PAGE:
Summary of the International Code on Marketing of Breast Milk Substitutes
- No advertising of breast milk substitutes to families.
- No free samples or supplies in the health care system.
- No promotion of products through health care facilities, including no free or low-cost formula.
- No contact between marketing personnel and mothers.
- No gifts or personal samples to health workers.
- No words or pictures idealizing artificial feeding, including pictures of infants, on the labels or the product.
- Information to health workers should be scientific and factual only.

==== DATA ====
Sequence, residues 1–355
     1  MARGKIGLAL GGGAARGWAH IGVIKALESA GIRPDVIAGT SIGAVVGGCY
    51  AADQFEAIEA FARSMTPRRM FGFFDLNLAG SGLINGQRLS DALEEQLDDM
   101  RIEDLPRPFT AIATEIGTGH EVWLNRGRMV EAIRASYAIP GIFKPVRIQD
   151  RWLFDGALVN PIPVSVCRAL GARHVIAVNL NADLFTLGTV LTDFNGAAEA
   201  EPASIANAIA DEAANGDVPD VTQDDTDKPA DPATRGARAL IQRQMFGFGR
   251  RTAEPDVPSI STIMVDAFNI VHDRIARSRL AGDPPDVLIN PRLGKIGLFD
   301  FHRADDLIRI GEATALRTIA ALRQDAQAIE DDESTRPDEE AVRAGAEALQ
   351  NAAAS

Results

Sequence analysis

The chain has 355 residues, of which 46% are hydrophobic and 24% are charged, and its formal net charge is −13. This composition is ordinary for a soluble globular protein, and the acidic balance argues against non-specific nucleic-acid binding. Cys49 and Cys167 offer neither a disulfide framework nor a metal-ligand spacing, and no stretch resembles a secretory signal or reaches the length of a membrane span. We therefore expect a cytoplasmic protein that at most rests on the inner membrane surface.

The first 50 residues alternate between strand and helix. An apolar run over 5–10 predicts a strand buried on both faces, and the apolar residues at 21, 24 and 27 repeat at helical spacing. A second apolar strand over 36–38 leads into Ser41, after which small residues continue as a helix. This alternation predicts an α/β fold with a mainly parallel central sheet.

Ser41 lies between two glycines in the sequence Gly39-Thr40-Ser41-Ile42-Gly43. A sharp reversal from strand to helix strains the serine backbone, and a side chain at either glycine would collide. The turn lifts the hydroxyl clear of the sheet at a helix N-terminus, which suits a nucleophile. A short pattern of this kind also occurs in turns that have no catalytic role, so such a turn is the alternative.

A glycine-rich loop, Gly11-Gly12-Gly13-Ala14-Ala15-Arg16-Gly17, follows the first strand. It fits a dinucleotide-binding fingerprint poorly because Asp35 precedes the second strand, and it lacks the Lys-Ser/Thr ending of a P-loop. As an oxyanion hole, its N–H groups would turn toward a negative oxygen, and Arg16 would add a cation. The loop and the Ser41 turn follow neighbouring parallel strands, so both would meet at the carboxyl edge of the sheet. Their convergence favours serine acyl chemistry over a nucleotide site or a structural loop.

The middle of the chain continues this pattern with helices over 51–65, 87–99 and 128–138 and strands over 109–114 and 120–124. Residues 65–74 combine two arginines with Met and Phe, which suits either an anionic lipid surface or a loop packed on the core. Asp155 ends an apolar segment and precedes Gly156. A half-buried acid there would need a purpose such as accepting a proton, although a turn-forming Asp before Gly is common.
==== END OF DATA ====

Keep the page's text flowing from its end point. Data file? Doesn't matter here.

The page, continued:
- All information on artificial feeding, including labels, should explain the benefits of breastfeeding and the costs and hazards associated with artificial feeding.
- Unsuitable products should not be promoted for babies.
- All products should be of high quality and take account of the climate and storage conditions of the country where they are used.
For More Information
Full text of the Code from the World Health Organization (PDF file)
National Alliance for Breastfeeding Advocacy
Baby Milk Action
International Baby Food Action Network (IBFAN)